Jullien proposed to build a large apparatus upon the same principle, but he failed to obtain the requisite financial backing. He saw, clearly enough, that he must have a light motor, and he began to experiment with electricity, seeking chiefly a light primary battery. In 1866 he announced that he had succeeded in devising an electric motor and battery weighing at the rate of 82 lbs. per H. P. with which he expected to drive an aeroplane through the air during an entire day; but he did not receive the encouragement or aid of capital, and this ingenious inventor, who had struggled all his life long with inadequate means, died miserably poor, in a hospital in 1877.
The singular machine patented in 1860 by Mr. Smythies while quite impracticable in form, is here mentioned in order to make known two novel proposals-- i.e., the utilization of the aeroplanes as steam condensers and the proposed means for shifting the center of gravity while in flight. A top view is shown by fig. 42. The apparatus was to consist of extended plane surfaces in order to furnish the support, and to be propelled by the alternating motion of wings actuated by a boiler and engine of a peculiar kind.
The boiler was to be upright, its top view being indicated by the circles at the junction of the two planes. It was to be fitted with small vertical water tubes, thickly placed in a "flame-chamber'' heated by the combustion of some volatile fluid mixed with air. Back of the boiler an upright cylinder was to be placed to work the wings up and down, feathering motion being imparted to the vanes composing them (by compound levers), so that they should separate slightly on the up-stroke and firmly close on the overlap on the down- stroke.
Fig. 42. -- SMYTHIES-- 1860.
The whole of the two aeroplanes and of the upright boiler was to be encased in a closed flat bag of oiled silk or other light air-tight covering--that is to say, that a steam surface condenser was to be pro vided by making a hood, tapering,, on its top and bottom from the thin edges at the front and rear of the apparatus to a thickness at the center equal to the height of the boiler. This hood or case was to be kept distended by spars and by light cords, and the spent steam was to be exhausted therein so as to be condensed by contact with the sides, and the water thus produced was to drain into a reservoir at the bottom, whence it was to be pumped back into the boiler, thus keeping the total weight of the apparatus constant and utilizing the same water over and over again.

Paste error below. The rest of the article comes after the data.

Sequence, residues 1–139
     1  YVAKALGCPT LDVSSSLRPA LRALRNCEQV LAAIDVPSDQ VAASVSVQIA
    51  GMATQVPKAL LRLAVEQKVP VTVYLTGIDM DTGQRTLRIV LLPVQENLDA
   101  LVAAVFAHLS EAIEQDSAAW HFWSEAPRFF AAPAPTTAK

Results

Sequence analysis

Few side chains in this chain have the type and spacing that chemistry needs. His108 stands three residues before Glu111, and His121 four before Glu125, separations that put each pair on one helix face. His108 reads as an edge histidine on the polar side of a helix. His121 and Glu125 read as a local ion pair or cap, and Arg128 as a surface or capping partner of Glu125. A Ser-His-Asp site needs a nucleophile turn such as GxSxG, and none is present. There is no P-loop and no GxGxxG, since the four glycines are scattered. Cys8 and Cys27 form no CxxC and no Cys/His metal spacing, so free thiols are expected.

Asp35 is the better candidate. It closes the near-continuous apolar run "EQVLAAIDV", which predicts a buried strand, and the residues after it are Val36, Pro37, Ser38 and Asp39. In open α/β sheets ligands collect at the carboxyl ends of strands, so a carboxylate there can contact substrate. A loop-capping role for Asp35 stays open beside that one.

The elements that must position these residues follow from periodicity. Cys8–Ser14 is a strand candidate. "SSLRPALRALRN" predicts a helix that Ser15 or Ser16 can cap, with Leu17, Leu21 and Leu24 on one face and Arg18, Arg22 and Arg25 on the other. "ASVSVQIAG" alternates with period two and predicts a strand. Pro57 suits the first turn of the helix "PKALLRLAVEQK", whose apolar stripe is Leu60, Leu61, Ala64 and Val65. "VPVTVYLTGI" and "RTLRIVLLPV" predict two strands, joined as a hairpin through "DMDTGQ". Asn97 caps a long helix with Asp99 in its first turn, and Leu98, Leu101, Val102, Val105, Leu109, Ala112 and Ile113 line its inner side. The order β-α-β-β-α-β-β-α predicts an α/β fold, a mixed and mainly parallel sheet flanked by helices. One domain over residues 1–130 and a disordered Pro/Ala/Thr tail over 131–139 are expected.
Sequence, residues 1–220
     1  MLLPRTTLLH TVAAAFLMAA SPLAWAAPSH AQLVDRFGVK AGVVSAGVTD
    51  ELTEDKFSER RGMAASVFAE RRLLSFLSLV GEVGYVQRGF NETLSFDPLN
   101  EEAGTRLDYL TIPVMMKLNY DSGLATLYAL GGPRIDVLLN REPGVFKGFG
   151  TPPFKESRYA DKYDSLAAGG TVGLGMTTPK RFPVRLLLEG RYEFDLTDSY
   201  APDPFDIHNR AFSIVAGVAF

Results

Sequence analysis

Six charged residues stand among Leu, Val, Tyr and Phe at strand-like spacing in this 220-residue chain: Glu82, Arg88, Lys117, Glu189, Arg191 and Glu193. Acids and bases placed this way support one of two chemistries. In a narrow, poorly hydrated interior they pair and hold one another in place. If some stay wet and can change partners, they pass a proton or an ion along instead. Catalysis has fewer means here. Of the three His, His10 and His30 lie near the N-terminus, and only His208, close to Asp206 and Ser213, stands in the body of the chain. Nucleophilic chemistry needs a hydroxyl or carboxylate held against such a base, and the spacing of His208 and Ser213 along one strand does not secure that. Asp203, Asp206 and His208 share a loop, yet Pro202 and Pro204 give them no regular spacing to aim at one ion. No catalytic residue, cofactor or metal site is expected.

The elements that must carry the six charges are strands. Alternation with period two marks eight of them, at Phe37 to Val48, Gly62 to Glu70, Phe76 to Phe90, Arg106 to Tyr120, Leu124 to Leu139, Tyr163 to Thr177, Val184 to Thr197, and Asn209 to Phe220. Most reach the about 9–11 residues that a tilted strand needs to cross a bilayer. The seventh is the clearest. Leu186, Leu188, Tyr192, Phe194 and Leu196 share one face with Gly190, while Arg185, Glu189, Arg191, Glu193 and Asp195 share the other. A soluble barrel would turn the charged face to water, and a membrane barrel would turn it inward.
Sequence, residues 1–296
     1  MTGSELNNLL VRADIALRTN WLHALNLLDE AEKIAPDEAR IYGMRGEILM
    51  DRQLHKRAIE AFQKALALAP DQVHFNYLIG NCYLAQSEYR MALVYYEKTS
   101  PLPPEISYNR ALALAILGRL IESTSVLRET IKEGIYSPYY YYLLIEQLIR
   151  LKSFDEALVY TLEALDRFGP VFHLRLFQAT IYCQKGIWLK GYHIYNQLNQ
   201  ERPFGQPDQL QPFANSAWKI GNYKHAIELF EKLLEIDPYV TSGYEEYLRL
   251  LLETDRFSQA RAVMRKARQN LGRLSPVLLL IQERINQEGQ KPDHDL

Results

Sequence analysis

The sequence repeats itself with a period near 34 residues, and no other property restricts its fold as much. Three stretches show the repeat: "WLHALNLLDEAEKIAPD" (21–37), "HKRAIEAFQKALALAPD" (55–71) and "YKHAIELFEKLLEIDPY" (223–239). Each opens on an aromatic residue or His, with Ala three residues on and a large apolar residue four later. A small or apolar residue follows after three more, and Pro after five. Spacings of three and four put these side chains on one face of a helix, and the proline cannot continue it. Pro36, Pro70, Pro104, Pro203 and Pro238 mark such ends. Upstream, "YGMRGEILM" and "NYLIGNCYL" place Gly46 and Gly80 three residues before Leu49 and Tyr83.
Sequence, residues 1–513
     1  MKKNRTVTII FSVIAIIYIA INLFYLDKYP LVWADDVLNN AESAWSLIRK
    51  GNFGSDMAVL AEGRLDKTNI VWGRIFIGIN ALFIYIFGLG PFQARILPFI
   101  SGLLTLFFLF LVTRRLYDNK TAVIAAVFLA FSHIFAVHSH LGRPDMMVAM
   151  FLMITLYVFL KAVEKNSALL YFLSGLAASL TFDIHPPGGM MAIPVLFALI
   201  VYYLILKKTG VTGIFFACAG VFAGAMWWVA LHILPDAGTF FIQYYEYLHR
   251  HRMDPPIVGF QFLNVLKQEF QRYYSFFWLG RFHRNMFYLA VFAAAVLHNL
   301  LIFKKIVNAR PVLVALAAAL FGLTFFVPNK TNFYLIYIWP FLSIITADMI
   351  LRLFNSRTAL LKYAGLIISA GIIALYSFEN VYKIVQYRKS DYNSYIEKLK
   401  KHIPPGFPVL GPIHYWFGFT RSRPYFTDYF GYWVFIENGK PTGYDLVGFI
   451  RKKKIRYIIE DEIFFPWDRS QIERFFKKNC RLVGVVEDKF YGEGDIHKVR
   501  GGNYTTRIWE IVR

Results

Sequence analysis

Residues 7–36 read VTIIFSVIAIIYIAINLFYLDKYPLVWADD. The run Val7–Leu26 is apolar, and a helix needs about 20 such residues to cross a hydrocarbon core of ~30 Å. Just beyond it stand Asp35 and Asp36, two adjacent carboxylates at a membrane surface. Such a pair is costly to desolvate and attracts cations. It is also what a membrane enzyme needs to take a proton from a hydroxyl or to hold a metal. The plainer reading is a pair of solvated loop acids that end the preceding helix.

The operator was to be suspended in an adjustable seat beneath the center of gravity of the machine, and by shifting his position sideways or fore and aft, was to guide the machine to the right or left, or up and down through the changes thus produced in the position of the center of gravity and consequent angle of incidence. Elastic legs beneath the whole were to break the fall on alighting; the descent being, moreover, retarded by the action of the wings, in which both the amplitude of movement and the overlap of the vanes or "feathers" were under the control of the operator through a series of cords.
This apparatus as designed was quite impracticable, but it indicates that the inventor had been watching the birds and had become aware of some requirements overlooked by his predecessors, such as the necessity for adjusting during flight the center of gravity to coincide with the center of pressure consequent upon changes in the angle of incidence, in order that the equilibrium may be preserved; the necessity for more energetic efforts and greater angles of incidence at starting and in alighting than during horizontal flight, and also the necessity for an air condenser to liquefy the team, if the latter is to be used as a motive power, both to diminish the weight of the water required and to keep the weight constant.